Wednesday, May 14, 2008

Too much safety; not enough freedom

I'm annoyed at Utah Gov. Jon Huntsman Jr. right now. He signed a bill into law that raised the age of children required to ride in carseats to eight. Age eight!! When I emailed the sponsor of the bill, Tim Cosgrove, he sent me these stats:

"• In Utah we lost 34 children just between the ages of 5 and 8, whom died in motor vehicle crashes between 2002 and 2006.

• In Utah we had 2,188 children who were severely injured between the ages of 5 and 8, that were injured in a motor vehicle crash whom were not in a booster seat.

• 39 other states and the District of Columbia already have booster seat laws."

To which I responded:

"1. Regarding the first two stats, it does not mention if any of those children were wearing seatbelts.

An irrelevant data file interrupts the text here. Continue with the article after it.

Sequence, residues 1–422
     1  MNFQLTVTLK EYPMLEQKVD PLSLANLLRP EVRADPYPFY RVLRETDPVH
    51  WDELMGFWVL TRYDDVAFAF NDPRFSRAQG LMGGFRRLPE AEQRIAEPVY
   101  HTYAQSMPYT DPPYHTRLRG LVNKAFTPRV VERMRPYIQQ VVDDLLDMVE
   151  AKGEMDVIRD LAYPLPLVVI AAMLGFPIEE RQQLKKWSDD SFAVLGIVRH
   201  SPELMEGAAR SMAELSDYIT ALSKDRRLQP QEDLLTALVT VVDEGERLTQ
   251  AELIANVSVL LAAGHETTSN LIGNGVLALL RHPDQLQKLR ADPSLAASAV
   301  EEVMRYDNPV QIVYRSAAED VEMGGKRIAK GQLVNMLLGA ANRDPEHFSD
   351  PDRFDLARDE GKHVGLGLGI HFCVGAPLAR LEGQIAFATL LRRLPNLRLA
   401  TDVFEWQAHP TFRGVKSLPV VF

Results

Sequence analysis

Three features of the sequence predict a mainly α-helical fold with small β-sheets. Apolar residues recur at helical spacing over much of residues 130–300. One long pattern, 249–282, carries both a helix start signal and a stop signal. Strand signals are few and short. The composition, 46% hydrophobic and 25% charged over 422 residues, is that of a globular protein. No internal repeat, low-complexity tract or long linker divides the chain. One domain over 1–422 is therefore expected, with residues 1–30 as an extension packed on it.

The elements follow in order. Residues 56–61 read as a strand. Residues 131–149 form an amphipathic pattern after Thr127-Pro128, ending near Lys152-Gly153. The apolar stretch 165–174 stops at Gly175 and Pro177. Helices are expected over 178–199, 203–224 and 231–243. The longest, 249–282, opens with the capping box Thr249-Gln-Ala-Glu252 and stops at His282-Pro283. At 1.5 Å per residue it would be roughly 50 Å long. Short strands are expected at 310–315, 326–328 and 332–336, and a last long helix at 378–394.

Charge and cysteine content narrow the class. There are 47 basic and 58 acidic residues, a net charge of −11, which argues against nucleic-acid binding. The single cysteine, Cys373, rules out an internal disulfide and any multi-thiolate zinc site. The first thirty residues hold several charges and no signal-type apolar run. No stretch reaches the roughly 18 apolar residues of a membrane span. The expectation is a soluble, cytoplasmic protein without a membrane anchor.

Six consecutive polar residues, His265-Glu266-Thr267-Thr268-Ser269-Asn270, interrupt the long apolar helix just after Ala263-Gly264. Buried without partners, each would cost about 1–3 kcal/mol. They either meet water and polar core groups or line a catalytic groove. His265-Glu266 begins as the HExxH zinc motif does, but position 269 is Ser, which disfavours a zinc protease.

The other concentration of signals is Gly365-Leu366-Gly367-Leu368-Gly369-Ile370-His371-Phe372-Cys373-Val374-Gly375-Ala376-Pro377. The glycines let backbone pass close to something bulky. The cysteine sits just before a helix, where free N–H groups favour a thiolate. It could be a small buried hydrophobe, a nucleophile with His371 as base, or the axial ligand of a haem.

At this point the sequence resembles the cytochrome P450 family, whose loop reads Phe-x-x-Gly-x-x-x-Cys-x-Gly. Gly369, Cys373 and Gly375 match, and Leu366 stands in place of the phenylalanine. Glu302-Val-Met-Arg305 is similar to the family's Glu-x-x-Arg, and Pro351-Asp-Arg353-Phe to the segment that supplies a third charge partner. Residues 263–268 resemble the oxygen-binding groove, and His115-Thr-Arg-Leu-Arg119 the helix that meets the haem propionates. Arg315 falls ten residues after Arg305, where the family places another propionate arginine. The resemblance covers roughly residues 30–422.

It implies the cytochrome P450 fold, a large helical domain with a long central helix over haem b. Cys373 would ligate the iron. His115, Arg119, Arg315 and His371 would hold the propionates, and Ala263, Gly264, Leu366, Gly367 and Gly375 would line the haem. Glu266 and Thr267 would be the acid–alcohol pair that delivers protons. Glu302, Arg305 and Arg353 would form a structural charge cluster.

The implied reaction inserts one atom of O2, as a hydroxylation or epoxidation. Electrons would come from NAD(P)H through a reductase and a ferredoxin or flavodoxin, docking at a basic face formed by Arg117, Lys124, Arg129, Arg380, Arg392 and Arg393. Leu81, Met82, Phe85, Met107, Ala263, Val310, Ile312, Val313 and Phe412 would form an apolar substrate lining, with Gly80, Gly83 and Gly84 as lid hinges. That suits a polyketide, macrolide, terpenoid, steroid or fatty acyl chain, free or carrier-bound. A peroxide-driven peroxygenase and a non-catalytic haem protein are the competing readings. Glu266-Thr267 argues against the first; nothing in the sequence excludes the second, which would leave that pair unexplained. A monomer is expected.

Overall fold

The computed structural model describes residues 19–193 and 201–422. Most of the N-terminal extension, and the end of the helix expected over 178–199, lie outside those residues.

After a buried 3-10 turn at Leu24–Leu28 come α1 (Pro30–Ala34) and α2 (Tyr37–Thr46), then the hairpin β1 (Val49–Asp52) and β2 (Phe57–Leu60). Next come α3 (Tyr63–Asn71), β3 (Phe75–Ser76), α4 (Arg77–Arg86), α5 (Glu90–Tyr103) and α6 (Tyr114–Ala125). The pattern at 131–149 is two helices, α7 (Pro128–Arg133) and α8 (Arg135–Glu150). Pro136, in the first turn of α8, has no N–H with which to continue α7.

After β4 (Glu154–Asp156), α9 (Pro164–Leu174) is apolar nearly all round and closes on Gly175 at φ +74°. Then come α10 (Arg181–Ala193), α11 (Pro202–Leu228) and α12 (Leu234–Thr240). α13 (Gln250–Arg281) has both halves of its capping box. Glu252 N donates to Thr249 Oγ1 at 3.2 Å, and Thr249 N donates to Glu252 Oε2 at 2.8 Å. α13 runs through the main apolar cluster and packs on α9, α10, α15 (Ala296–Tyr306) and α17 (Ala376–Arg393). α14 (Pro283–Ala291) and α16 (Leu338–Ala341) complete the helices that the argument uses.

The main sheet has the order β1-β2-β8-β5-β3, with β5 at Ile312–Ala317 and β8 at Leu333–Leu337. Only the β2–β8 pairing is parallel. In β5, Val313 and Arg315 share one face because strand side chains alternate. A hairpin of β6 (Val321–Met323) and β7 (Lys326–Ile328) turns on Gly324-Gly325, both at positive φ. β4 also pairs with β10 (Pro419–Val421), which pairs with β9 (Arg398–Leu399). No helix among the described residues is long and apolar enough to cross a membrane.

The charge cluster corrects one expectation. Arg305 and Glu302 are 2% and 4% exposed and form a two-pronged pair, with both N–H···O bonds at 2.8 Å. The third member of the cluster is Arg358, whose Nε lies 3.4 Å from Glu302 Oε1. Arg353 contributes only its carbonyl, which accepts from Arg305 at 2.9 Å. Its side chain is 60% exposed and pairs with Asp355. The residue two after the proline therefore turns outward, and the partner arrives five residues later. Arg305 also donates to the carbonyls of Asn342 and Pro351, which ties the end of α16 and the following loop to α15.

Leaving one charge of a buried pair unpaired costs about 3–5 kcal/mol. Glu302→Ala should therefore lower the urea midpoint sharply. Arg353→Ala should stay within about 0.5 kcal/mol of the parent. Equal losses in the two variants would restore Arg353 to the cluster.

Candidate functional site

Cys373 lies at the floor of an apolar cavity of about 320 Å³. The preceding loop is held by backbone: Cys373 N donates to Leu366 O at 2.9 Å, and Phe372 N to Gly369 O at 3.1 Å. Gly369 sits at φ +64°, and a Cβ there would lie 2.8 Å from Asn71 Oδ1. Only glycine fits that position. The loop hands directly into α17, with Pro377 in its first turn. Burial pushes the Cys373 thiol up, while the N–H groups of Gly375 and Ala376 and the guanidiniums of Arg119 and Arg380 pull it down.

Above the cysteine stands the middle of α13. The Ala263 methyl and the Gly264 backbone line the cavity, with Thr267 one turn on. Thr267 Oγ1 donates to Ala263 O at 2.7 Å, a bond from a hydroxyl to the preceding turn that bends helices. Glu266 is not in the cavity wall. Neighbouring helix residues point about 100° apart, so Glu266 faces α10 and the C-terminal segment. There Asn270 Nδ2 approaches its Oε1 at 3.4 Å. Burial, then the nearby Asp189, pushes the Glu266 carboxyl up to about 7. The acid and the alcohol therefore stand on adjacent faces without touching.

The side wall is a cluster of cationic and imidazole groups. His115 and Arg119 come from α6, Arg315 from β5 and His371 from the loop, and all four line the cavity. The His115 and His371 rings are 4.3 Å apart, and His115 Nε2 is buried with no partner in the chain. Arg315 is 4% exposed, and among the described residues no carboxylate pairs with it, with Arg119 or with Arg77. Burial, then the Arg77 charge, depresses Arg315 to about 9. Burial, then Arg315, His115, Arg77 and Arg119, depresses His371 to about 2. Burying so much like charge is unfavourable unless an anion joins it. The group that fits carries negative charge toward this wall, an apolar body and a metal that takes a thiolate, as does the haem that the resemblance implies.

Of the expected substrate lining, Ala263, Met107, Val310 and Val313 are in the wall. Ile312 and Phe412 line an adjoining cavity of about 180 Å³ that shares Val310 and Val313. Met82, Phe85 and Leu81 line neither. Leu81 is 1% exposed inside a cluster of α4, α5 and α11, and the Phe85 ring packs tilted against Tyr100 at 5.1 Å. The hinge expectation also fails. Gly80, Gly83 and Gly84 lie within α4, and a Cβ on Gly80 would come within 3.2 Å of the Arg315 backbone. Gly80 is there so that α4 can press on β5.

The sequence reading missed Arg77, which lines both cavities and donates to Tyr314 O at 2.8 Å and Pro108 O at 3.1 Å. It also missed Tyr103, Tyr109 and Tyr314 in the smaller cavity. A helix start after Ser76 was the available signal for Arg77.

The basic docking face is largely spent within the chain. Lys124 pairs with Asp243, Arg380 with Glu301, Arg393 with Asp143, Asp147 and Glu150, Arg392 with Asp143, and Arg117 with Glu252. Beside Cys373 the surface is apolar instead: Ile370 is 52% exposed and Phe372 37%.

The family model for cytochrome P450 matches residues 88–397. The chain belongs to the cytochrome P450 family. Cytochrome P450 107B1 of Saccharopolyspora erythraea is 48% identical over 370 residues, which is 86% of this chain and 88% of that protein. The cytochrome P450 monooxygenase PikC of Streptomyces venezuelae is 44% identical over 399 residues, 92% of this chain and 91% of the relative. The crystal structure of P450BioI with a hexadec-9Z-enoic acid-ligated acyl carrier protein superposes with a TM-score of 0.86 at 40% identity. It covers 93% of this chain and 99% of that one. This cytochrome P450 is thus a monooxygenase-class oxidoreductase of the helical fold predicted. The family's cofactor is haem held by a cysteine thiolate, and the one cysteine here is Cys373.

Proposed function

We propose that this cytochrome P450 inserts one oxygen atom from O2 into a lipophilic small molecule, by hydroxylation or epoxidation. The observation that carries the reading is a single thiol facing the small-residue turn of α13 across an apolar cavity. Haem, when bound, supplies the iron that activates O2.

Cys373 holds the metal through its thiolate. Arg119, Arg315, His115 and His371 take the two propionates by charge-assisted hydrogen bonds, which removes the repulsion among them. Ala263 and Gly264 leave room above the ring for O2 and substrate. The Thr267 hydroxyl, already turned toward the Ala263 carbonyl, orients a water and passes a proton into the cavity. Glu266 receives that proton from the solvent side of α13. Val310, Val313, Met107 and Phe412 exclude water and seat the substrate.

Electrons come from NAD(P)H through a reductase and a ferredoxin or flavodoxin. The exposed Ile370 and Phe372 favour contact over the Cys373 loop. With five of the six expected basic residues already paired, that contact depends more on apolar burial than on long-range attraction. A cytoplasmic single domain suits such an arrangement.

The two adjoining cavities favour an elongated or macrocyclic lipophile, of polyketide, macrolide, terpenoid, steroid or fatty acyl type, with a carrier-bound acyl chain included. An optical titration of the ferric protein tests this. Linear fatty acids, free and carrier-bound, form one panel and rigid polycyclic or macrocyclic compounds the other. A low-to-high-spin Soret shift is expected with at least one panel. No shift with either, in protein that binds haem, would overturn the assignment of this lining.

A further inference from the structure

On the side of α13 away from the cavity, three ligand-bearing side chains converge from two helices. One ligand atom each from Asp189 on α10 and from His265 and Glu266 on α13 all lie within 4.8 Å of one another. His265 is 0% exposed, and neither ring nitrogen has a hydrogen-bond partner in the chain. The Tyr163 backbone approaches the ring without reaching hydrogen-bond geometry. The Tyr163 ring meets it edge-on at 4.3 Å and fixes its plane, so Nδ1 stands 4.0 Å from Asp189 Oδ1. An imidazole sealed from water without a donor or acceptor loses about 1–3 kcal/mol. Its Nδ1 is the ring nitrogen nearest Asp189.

2. Of those 39 states, how many go up to age 8? Last I heard, age 6 was the highest of any state in the union.

3. I saw an interview with a car-seat lobbyist last year who said if they had their way, children up to age 12 would be in car-seats. Would you support this?

4. What about car-seats and seatbelts on public school busses?

5. To maximize our safety, we could ban all cars. We don't ban all cars because we've decided the risk is worth the convenience. Where is the line between government-enforced safety and personal responsibility? There's no quick way to answer that, but the line seems to keep moving to make our lawbooks thicker and thicker.

I know we wring our hands to keep our kids safe, but really, where does it end? I remember when the carseat law first passed up to age 3 and I remember grumbling when it was raised to 5. 5 is plenty. And I know what it's like to have a child die."

Mr. Cosgrove never responded.

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